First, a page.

The Return of Sherlock Holmes: Season 1, Episode 7

The Six Napoleons (20 Aug. 1986)

TV Episode  |   |  Crime, Drama, Mystery
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Ratings: 8.1/10 from 289 users  
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Inspector Lastrade reveals to Holmes that someone has been inexplicably breaking into homes for the senseless purpose of breaking small busts of Napoleon.



(by) (as Sir Arthur Conan Doyle) , (developed for television by), 2 more credits »
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Episode complete credited cast:
Colin Jeavons ...
Gerald Campion ...
Vincenzo Nicoli ...
Steve Plytas ...
Venucci Snr.
Emil Wolk ...
Nadio Fortune ...
Beppo's Cousin
Michael Logan ...
Jeffrey Gardiner ...
Mr. Sandeford


Inspector Lastrade drops by Baker Street to socialize and presents Holmes with his current problem. He is baffled by a series of apparently senseless burglaries in which the only thing stolen is a small bust of Napoleon, which is later broken into pieces by the thief. Unlike Lastrade, Holmes sees a sinister purpose behind these irrational break-ins and has that confirmed when a Italian immigrant with Mafia connections is found with his throat slashed at the scene of the latest robbery. Written by Gabe Taverney (

Plot Summary | Add Synopsis


Crime | Drama | Mystery





Release Date:

20 August 1986 (UK)  »

Company Credits

Production Co:

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Technical Specs



Sound Mix:


Aspect Ratio:

1.33 : 1
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Did You Know?


When Venucci is crying over his son's body, there are coins on the dead man's eyes. The tradition of placing pennies on the eyes of the corpse - to pay Charon the ferryman to carry the person's soul across the River Styx - dates back to Ancient Rome and Greece. See more »


When Beppo escapes into the warehouse, the owner Gelder has to smash the door open with a sledge hammer. When Holmes is describing this, we see Beppo in flashback running into the warehouse and closing the doors. The doors already bear the marks of the sledgehammer, presumably from a previous take. See more »


Sherlock Holmes: I would be grateful, Lestrade, if you could make it convenient to come around to Baker Street at six o'clock this evening. Until then I would like to keep this photograph found in the dead man's pocket.
Inspector Lestrade: Ah, Mr. Holmes, that might be a vital clue.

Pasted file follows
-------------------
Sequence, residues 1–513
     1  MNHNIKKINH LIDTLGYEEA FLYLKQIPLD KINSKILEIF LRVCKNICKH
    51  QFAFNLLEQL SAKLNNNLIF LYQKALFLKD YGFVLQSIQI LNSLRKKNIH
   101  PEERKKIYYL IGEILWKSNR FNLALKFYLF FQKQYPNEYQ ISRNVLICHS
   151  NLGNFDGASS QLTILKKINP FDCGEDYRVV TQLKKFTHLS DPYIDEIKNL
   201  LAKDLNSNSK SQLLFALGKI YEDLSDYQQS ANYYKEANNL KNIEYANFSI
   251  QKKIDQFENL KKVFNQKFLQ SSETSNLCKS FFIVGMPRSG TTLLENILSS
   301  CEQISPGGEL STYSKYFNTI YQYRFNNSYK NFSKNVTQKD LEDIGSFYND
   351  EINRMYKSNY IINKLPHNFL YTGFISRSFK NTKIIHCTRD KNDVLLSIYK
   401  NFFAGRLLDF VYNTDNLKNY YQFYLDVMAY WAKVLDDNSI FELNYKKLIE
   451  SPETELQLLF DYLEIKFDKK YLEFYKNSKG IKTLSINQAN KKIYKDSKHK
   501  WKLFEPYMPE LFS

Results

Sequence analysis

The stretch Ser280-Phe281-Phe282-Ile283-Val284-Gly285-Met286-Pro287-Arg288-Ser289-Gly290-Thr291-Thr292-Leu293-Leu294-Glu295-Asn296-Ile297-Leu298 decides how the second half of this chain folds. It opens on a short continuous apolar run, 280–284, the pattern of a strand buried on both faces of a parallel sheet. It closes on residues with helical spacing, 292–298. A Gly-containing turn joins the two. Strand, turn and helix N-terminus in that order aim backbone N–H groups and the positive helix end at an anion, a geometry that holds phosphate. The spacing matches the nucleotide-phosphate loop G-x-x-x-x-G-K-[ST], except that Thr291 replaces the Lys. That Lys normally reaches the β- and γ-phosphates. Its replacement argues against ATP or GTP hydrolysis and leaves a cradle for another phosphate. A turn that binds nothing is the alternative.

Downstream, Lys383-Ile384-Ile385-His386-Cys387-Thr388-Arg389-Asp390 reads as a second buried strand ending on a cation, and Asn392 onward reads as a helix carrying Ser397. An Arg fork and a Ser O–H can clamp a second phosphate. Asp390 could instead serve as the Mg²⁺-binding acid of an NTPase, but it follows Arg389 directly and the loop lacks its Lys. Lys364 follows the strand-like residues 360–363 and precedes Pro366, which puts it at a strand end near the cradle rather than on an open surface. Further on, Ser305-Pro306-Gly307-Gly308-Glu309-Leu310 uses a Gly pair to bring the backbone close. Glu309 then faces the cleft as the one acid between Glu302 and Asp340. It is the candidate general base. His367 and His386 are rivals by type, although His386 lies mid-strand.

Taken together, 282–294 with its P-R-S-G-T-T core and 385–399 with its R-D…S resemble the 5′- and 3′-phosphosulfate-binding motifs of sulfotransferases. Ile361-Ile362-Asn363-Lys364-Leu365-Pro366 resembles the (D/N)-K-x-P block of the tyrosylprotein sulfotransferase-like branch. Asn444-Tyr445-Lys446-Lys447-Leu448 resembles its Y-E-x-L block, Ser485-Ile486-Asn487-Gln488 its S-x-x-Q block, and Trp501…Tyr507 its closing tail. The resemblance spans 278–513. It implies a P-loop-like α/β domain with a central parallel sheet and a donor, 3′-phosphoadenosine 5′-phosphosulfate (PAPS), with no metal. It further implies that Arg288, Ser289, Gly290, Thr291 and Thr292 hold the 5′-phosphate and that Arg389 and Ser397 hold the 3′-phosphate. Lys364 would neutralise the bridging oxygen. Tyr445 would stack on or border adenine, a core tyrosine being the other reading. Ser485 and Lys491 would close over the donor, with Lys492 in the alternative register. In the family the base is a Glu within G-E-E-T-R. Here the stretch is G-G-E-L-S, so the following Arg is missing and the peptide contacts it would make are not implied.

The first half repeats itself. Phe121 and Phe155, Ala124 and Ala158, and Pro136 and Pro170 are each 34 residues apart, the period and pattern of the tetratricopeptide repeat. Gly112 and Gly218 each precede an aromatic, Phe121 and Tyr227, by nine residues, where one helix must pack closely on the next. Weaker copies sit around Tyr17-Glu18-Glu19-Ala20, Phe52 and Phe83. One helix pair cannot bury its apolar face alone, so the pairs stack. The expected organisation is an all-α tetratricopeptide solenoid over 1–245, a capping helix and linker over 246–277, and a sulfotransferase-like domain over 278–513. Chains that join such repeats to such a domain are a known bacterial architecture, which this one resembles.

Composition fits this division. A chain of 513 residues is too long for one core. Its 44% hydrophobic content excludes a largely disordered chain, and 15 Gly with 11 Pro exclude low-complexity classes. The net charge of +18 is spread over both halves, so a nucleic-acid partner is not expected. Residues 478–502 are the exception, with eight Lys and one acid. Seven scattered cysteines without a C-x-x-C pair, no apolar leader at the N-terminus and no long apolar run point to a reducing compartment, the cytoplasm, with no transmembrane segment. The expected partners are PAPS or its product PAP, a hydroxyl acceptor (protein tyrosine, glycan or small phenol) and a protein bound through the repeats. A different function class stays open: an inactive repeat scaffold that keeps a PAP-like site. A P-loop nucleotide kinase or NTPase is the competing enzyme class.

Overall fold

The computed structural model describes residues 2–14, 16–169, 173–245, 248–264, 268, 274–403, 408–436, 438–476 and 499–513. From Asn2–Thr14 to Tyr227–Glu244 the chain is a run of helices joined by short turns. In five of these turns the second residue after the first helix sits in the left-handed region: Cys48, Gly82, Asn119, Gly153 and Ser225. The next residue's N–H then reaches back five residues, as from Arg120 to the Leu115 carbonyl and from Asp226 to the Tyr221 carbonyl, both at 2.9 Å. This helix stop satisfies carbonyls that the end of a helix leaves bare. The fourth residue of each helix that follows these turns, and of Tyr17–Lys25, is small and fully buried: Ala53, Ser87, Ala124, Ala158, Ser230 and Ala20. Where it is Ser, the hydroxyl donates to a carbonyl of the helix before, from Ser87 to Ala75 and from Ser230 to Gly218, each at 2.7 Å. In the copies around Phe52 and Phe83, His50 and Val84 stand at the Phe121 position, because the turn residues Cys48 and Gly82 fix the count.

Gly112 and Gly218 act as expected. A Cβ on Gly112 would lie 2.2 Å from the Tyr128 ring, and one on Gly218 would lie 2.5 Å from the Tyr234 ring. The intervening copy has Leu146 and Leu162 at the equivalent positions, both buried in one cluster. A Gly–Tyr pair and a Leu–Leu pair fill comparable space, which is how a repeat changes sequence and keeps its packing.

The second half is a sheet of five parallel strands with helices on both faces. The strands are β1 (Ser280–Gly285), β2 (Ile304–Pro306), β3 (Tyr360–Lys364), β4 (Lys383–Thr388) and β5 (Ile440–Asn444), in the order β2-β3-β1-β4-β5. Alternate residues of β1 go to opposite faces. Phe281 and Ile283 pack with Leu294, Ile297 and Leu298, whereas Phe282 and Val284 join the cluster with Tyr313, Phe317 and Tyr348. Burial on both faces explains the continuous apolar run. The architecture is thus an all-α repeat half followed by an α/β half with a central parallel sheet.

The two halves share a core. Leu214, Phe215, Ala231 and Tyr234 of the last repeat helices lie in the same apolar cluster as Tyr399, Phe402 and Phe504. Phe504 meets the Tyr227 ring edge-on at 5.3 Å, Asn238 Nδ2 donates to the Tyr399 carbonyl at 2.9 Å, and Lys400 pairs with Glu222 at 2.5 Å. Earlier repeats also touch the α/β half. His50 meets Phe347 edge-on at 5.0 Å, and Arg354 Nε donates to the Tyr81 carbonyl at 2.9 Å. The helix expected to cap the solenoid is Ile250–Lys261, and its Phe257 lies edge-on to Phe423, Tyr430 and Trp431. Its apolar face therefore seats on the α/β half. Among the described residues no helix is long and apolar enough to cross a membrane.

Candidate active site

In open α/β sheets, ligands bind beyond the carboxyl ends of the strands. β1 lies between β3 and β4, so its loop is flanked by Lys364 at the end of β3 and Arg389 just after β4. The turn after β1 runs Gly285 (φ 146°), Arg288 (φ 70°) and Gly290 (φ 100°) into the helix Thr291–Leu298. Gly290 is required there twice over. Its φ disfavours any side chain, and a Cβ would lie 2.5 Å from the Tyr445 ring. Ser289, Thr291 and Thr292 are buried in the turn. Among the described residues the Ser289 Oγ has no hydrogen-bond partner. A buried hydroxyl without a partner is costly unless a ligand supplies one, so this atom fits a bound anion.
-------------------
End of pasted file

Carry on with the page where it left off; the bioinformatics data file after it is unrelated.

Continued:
Sherlock Holmes: I trust it is; otherwise it's of no interest to me.
See more »


Version of The Pearl of Death (1944) See more »

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User Reviews

LeStrade in a Human Role
11 February 2014 | by (United States) – See all my reviews

This is one of the better known stories. A number of plaster figures of Napoleon have been smashed by someone. It would appear to be burglary, but nothing much has been taken. It's not a fetish. No one has been harmed until one day that ends with a murder. The best part of this offering is the byplay between Holmes and Inspector LeStrade who plays Hamilton Burger to Holmes' Perry Mason. He's always wrong, but he has the best of intentions. Holmes is perpetually disappointed by the police and their ineptness, but not as bad in the original stories as they are in the Basil Rathbone/Nigel Bruce Holmes episodes. In this, while LeStrade comes up with some pretty preposterous theories, Holmes doesn't overtly abuse him. They actually work together well and LeStrade actually pays him a great compliment, telling him how significant his contributions are to Scotland Yard. The problem at this time, of course, is that the fine points of detection had not been really used. Scotland Yard was as much a political entity as a police force. That aside, Holmes suspect that the Napoleon bust must have some existence beyond the mere acts of vandalism. Apparently, LeStrade all but disappears from the canon after this story. He is a much more human character in the Granada series (as is Watson) and as a true fan, I really appreciate that.

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